Tag Archives: comic strips

Spielberg tales

I lived with my mother by the ocean for many years — first in Alaska, later in Hawaii and California’s Bay Area. She found the beach infinitely more appealing than the water itself, due in large measure to the movie that introduced us to the work of Steven Spielberg. It was “Jaws,” released in 1975.

I vividly recall the afternoon we hit the theater to see “Jaws” together — though saying we actually “saw” the film is a bit of a stretch. We spent most of the movie huddled together trying to hold back our screams. It’s one of the few things I remember actually experiencing with my mom at that age. I was on the cusp of a difficult phase and convinced she was the barrier to all my bliss.

I lost my mother to cancer more than a decade ago, but plenty of things still call her to mind. Even the 1982 Spielberg film titled “E.T.: The Extra-Terrestrial.” I remember her watching “E.T.” often once it was released on video tape, and getting especially teary-eyed during the “phone home” scene — perhaps because her only child was off at college and readying to wed when the movie first opened.

Among films directed by Spielberg, my own early favorites include “Close Encounters of the Third Kind”– released in 1977. My three children enjoyed a “close encounter” of sorts with Spielberg and his family one day after we watched them pile out of a minivan and file up the pathway to a neighbor’s front door.

Apparently the little gingerbread-like house we once owned on a quiet Arcadia street was right across from the home Spielberg lived in while attending Arcadia High School. When our children simply couldn’t contain their excitement, James walked them dutifully across the street to say hello to the man whose movies they found simply enchanting.

Millions of us grew up with Spielberg’s own unique spin on storytelling, from “Raiders of the Lost Ark” (1981) to “Jurassic Park” (1993) — and beyond. Another generation can now do the same, thanks to two films being released in late December.

“The Adventures of Tintin,” based on a beloved comic strip by a Belgian who used the pen name Hergé, is directed by Spielberg — and opens in American movie theaters on Dec. 21. It’s a bit of history meets mystery featuring “Billy Elliot” actor Jamie Bell as “the young reporter whose love of a good story thrusts him into a world of high adventure.”

“War Horse,” a Spielberg-directed film scheduled to open in the U.S. on Dec. 25, is a love story of sorts — between a boy and a beloved horse sent with soldiers into battle during World War I. It’s based on the children’s book by Michael Morpurgo and the 2011 Tony Award winner for best play.

I saw “War Horse” performed earlier this year at Lincoln Center, with my youngest daughter Lizabeth. We held each other and got teary-eyed throughout, moved by the power and beauty of the story we’re now eager to enjoy together on the big screen.

Lizabeth is a freshman studying acting at Pace University in New York City, living on a dedicated “film floor” inside one of the school’s dorms — where students routinely gather to watch and discuss a diverse selection of films. She’ll get to attend tapings of the Bravo television series “Inside the Actors Studio” featuring James Lipton.

The show — which features interviews with famous folks from the crafts of theater, television and film — is taped at Pace University, home to the Actors Studio Drama School (which offers the M.F.A. in acting, directing and playwriting).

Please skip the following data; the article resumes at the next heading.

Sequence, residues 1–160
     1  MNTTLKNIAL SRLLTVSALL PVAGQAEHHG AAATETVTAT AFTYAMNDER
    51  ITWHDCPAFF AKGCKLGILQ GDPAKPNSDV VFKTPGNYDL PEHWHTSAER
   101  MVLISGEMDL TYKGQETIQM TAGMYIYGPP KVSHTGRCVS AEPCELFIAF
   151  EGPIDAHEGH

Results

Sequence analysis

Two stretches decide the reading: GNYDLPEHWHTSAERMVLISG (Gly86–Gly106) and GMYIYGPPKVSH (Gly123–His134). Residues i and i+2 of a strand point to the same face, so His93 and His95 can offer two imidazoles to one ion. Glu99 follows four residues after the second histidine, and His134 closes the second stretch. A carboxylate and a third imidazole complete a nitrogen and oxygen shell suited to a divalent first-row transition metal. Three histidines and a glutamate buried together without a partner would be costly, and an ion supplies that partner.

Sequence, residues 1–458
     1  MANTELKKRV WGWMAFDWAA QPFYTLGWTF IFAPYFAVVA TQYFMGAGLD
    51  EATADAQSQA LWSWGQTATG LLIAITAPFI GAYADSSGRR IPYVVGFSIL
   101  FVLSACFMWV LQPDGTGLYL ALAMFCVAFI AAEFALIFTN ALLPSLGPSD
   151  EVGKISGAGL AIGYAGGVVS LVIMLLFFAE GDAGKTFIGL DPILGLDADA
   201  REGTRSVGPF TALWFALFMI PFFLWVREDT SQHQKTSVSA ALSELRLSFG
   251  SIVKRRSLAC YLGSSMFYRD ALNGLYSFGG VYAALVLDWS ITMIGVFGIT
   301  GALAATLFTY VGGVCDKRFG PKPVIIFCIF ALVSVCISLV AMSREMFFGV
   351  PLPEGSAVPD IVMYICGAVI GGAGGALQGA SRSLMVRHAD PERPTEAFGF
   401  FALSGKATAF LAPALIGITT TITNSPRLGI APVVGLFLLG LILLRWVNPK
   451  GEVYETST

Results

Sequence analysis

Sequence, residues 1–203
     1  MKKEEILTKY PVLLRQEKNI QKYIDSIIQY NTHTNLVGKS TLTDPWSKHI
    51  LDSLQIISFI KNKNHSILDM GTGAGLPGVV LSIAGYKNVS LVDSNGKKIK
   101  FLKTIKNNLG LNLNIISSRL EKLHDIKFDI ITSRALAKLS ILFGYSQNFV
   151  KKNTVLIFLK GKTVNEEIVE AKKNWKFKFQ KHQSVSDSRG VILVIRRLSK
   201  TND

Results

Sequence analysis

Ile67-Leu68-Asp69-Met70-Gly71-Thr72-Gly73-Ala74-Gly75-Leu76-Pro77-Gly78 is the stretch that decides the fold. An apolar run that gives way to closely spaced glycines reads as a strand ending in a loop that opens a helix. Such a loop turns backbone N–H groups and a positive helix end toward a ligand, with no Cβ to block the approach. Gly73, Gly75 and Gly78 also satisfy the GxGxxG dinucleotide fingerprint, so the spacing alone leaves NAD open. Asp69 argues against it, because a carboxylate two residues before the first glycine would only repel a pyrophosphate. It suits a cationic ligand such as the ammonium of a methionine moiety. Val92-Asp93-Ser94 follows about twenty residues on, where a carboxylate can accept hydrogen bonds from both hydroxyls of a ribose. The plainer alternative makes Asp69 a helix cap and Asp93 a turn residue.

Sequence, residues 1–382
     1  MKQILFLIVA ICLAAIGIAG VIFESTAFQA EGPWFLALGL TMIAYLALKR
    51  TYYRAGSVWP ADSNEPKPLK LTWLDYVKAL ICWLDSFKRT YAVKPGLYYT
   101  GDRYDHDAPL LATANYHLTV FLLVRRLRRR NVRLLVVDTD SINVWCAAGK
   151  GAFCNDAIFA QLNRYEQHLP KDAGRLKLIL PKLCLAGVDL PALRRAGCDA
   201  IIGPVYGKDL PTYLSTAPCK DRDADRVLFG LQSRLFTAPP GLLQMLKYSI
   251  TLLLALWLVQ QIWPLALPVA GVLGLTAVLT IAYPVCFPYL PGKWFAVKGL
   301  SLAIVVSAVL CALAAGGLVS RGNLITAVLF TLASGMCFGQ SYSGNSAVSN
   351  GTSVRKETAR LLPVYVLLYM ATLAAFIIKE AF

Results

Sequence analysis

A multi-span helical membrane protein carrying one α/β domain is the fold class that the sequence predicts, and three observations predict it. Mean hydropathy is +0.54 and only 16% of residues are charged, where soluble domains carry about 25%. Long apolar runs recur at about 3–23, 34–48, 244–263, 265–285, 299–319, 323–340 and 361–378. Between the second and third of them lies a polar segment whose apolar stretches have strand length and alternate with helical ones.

Still, I know nothing will ever match Lizabeth’s excitement at running across the street in bare feet to meet the Mr. Spielberg she considers not only a legendary filmmaker, but also — quite simply — a very gracious man.

— Lynn

Note: Click here to learn more about “The Adventures of Tintin” and here to learn more about “War Horse.” To enjoy a Michael Cieply piece titled “What Makes Spielberg Jump?” from The New York Times, click here.

Coming up: Mask-maker musings, Tales from a fourth world, A leaf of faith?


Oh, Rats!

Stephan Pastis chats with young fans at Changing Hands Bookstore in Tempe

I’m guessing that something along these lines ran through Stephan Pastis’ mind once he realized that being an associate at a large San Francisco law firm just wasn’t his vibe. Pastis recounted his journey from attorney to comic strip creator at last night’s author signing event at Changing Hands Bookstore in Tempe.

Seems he used to leave the law firm for lunch and hit the local bookstore — sitting on the floor in a suit and tie as he read through every “Dilbert” comic strip he could get his hands on. By then, he’d drawn oodles of strips, sent them to the folks who place such things in newspapers and started a lovely collection of rejection letters.

When he realized in 1997 that what he’d been doing wasn’t working, he decided to study the work of an artist whose work was all the rage. Hence the daily “Dilbert” pilgrimages. Today Pastis has his own devotees, including the 170 or so who flocked to Changing Hands Bookstore Thursday night.

Pastis poses with a 3-year-old fan at Changing Hands

Pastis’ own father was there, as were fans ages three and up. Pastis treated his audience to a lengthy bit of storytelling ala slides showing examples of his works — which feature the adventures of a rat, pig, pack of crocodiles and other creatures with a gift for sarcasm many call “dark” and “edgy.”

In one strip, a character finds that part of his Christmas nativity scene has been stolen. The final panel shows Pig walking door to door asking “Have YOU found Jesus?” Pastis’ works are sometimes irreverent, but always lighthearted rather than acerbic. Still, he has a sizeable collection of letters from folks who’ve failed to appreciate particular pieces of his humor through the years.

Pastis shared tales of meeting other comic strip legends — Charles Schultz (or “Sparky”), Bill Keane, Cathy Guiseweit and others. Folks who attend future stops on Pastis’ current tour will enjoy hearing stories of “naked Twister” and other misadventures. Not to worry — no real nudity is involved.

“Pearls Before Swine” fans are accustomed to the strip’s violent themes, which others sometimes fail to appreciate. Pastis seems a bit puzzled by their disdain, noting that he grew up watching “Bugs Bunny” and other cartoons with plenty of death and destruction.